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By John Jenks

This can be a research of the British state's iteration, suppression and manipulation of reports to extra international coverage targets in the course of the early chilly battle. Bribing editors, blackballing "unreliable" newshounds, developing fast media specialists via provision of conscientiously edited "inside information", and exploiting the worldwide media process to plant propaganda -- disguised as information -- all over the world: those have been all equipment utilized by the British to aim to persuade the overseas public of Soviet deceit and criminal activity and hence achieve aid for anti-Soviet regulations at domestic and abroad.Britain's shaky overseas place heightened the significance of propaganda. The Soviets and american citizens have been making an investment seriously in propaganda to win the "hearts and minds" of the realm and alternative for more and more unthinkable nuclear conflict. The British exploited and more suitable their media energy and propaganda services to take care of with the superpowers and guard their very own worldwide effect at a time whilst British financial, political and army strength was once sharply declining. This task without delay motivated household media kinfolk, as officers used British media to launder foreign-bound propaganda and to create the specified photos of British "public opinion" for overseas audiences.By the early Fifties censorship waned yet covert propaganda had develop into addictive. The unending rigidity of the chilly struggle normalized what had formerly been irregular kingdom involvement within the media, and led it to exploit related instruments opposed to Egyptian nationalists, Irish republicans and British leftists. even more lately, legitimate manipulation of stories approximately Iraq shows behind-the-scenes exam of kingdom propaganda's previous days is extremely relevant.John Jenks attracts seriously on lately declassified archival fabric for this e-book, particularly records of the overseas Office's anti-Communist details study division (IRD) propaganda employer, and the papers of key media enterprises, newshounds, politicians and officers. Readers will hence achieve a better realizing of the intensity of the state's strength with the media at a time while matters approximately propaganda and media manipulation are once more on the fore. (1/1/08)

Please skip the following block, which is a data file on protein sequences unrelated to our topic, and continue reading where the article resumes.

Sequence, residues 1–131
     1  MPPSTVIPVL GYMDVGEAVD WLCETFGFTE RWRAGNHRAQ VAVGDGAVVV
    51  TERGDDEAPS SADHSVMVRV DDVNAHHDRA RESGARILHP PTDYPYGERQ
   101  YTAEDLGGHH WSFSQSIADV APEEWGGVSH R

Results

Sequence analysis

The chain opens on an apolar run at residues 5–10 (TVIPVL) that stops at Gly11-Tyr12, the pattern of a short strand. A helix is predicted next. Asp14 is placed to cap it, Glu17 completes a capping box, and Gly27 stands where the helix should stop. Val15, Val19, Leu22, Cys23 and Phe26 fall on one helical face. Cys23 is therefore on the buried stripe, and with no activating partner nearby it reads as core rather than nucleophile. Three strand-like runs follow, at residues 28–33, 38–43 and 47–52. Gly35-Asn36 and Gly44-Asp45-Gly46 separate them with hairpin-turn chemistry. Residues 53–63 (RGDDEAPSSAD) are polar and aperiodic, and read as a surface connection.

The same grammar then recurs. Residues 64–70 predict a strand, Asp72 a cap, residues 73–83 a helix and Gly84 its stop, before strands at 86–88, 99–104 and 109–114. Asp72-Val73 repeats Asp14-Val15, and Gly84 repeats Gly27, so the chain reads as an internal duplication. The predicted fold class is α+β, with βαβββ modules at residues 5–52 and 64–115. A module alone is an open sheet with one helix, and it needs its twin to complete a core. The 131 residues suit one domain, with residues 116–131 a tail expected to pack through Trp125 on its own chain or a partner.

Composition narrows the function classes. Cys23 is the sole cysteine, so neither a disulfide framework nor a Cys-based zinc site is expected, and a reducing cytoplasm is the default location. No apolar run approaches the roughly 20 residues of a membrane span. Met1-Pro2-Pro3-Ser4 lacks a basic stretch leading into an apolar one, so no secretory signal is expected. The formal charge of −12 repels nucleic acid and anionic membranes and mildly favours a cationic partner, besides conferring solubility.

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52. PRO CAB 128/5, Cabinet Minute 16 (46), 8 February 1946. 53. Marjorie Ogilvy-Webb, The Government Explains: A Study of the Information Services (London: Allen and Unwin, 1965), pp. 70–2. 54. ‘Cost of govt. publicity “A gross extravagance” ’, Newspaper World, 28 May 1949. 55. ]. 56. Royal Commission on the Press, pp. 49–53. 57. UNESCO, News Agencies: Their Structure and Operation (Paris: UNESCO, 1953), p. 46. 58. Royal Commission on the Press, p. 52. 59. Reuters Archives, Chancellor to Bevin, 8 January 1946.

32. Mass Observation, The Press and Its Readers, p. 112. 33. David Hubback, No Ordinary Press Baron: A Life of Walter Layton (London: Weidenfeld and Nicolson, 1985), pp. 196–204. 34. Duff Hart-Davis, The House the Berrys Built (London: Hodder & Stoughton, 1990), pp. 64–149. 35. David Ayerst, The Guardian: Biography of a Newspaper (London: Collins, 1971), p. 573. 36. Royal Commission on the Press, p. 16. P1: GFZ/ P2: EUBK017-01 EUBK017-Jenks March 6, 2006 16:29 Char Count= 0 propaganda, media and hegemony 25 37.

Marjorie Ogilvy-Webb, The Government Explains: A Study of the Information Services (London: Allen and Unwin, 1965), pp. 70–2. 54. ‘Cost of govt. publicity “A gross extravagance” ’, Newspaper World, 28 May 1949. 55. ]. 56. Royal Commission on the Press, pp. 49–53. 57. UNESCO, News Agencies: Their Structure and Operation (Paris: UNESCO, 1953), p. 46. 58. Royal Commission on the Press, p. 52. 59. Reuters Archives, Chancellor to Bevin, 8 January 1946. 60. Read, The Power of News, pp. 246–56. 61. ].

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